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Fake news

At Monash, we don't believe in a world dominated by propaganda.

Today's fake news challenge

With the proliferation of social media sites and networks, it can be difficult to judge the credibility of the content they host and distribute. Fake news is increasingly being created to influence views or for political motives, and to deliberately deceive readers.

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This future shouldn't exist; we're changing it

  • Understanding how fake news spreads

    At Monash, we made deceptive robots to see why fake news spreads, and found a weakness.

    Dr Carlo Kopp from the Faculty of Information Technology uses “deceptive software robots” to execute game-theory models to help understand how and why fake news spreads. This will allow us to lessen the negative impact of fake news – and stop it from happening altogether. This research is also measuring the impact the distribution of fake news can have on consensus-forming.

    Monash Lens is home to expert commentary and stories from our academics and researchers who are helping to change the world, just like Dr Kopp.

  • The impact on technology in our culture
    and society

    People who spread 'deep fakes' think their lies reveal a deeper truth.

    Professor Mark Andrejevic's research examines how the proliferation of digital media transforms society, with an emphasis on the political and cultural consequences of automated data collection and processing. The aim is to promote policy, practice and public understanding to ensure machines of the future uphold democratic values and human rights.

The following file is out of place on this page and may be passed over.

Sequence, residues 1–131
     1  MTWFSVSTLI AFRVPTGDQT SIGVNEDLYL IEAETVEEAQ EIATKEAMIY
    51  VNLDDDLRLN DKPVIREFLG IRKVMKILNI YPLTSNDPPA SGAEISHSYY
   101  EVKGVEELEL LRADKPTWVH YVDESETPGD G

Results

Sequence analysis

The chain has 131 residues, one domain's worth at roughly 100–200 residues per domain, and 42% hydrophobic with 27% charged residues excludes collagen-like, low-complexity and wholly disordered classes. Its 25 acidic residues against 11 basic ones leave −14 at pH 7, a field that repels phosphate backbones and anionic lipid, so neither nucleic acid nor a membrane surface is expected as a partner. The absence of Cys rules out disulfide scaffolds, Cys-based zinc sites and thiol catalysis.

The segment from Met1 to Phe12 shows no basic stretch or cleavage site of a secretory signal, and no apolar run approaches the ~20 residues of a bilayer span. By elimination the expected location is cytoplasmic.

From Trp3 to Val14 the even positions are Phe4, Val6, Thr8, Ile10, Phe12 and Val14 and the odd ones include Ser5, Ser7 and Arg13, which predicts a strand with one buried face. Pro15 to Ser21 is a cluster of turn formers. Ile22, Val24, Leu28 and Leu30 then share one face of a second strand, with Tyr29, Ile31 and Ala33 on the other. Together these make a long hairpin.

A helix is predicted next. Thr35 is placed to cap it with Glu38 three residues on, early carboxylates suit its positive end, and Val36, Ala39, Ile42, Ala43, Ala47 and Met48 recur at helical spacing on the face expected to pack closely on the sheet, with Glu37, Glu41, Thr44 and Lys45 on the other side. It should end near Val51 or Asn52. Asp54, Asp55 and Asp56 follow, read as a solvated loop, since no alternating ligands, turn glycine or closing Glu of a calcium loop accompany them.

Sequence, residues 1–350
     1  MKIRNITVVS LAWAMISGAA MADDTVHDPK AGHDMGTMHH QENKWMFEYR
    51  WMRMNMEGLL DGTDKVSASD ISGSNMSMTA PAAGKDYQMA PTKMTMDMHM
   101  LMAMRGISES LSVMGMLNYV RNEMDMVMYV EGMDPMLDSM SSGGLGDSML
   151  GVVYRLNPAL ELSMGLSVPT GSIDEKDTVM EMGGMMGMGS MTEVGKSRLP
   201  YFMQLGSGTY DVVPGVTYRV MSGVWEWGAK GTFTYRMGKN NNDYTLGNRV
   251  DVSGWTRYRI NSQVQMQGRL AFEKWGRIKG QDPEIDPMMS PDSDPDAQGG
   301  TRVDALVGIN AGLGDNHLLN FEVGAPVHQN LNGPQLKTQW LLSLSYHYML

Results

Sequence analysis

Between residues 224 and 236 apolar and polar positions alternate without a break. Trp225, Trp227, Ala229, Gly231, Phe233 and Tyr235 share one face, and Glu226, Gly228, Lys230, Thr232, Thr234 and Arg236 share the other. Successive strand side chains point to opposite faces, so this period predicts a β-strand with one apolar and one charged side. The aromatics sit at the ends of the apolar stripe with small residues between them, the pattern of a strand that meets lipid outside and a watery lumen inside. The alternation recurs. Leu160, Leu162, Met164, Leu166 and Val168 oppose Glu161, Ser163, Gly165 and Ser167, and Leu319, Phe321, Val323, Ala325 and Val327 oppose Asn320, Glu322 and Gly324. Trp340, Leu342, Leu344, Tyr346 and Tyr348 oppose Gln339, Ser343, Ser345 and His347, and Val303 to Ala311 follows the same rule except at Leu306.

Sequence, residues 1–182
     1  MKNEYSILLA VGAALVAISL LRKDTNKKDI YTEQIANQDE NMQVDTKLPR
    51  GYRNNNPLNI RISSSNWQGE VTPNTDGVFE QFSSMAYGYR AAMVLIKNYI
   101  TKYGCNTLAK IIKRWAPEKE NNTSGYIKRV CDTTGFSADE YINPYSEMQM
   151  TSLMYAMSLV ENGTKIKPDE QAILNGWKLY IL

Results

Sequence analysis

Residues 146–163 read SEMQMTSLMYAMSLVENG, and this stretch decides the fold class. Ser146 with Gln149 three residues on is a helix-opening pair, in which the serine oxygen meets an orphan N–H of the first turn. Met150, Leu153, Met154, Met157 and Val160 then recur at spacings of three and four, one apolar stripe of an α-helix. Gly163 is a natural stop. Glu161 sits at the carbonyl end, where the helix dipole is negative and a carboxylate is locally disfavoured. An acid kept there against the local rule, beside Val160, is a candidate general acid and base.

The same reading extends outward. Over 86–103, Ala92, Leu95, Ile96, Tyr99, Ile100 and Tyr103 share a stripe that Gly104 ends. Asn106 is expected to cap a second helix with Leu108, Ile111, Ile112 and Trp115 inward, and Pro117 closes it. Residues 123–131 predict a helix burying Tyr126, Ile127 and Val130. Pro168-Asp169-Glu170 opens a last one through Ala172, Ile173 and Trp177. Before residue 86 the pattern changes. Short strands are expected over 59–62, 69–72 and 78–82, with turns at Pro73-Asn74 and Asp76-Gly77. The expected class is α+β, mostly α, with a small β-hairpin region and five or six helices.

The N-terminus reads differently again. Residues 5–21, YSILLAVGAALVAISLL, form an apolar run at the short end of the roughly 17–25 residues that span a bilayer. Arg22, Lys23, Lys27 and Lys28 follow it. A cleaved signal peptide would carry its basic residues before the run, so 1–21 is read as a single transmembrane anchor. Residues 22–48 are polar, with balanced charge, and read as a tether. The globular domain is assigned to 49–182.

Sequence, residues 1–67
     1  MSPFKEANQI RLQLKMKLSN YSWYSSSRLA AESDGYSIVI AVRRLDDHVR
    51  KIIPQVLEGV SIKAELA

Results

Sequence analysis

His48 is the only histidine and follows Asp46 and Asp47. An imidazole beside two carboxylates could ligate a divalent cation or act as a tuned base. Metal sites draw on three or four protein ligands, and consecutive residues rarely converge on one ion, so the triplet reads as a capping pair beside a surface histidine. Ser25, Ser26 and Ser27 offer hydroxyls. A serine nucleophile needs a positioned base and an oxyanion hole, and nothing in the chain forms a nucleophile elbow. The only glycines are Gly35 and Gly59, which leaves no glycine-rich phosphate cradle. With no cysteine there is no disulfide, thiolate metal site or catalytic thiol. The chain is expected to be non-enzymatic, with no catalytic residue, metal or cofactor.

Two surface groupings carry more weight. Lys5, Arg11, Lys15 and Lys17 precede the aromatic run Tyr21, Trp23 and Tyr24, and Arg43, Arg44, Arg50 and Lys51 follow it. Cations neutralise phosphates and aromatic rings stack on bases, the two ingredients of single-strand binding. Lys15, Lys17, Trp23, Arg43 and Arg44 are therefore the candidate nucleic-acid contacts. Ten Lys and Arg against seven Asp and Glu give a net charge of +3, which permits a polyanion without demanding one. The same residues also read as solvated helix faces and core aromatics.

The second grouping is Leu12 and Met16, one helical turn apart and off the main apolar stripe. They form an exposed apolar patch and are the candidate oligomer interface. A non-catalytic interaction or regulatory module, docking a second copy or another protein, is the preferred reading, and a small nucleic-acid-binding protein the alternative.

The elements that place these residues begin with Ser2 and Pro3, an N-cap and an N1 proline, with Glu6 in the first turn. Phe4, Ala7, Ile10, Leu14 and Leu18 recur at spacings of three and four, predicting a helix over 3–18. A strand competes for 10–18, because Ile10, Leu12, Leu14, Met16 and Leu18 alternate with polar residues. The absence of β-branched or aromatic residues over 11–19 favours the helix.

Monash Lens is home to expert commentary and stories from our academics and researchers who are helping to change the world, just like Professor Andrejevic.

  • What Happens Next? Podcast: The Facts of the Matter

    What Happens Next? is a podcast series where Dr Susan Carland explores the biggest challenges facing the world today. A podcast by Monash University.

    In episode 11 The Facts of the Matter, host Dr Susan Carland talks to Dr David Holmes, Director of the Monash Climate Change Communication Research Hub, who specialises in a different type of communication, using research and evidence to strategically send critical messages. The aim is to draw attention to climate change, to help people better understand the science, and therefore the impacts. The Hub works closely with weather presenters and media outlets to help ensure information they provide on weather and climate is scientifically accurate, up to date, and easy for the average person to understand and absorb.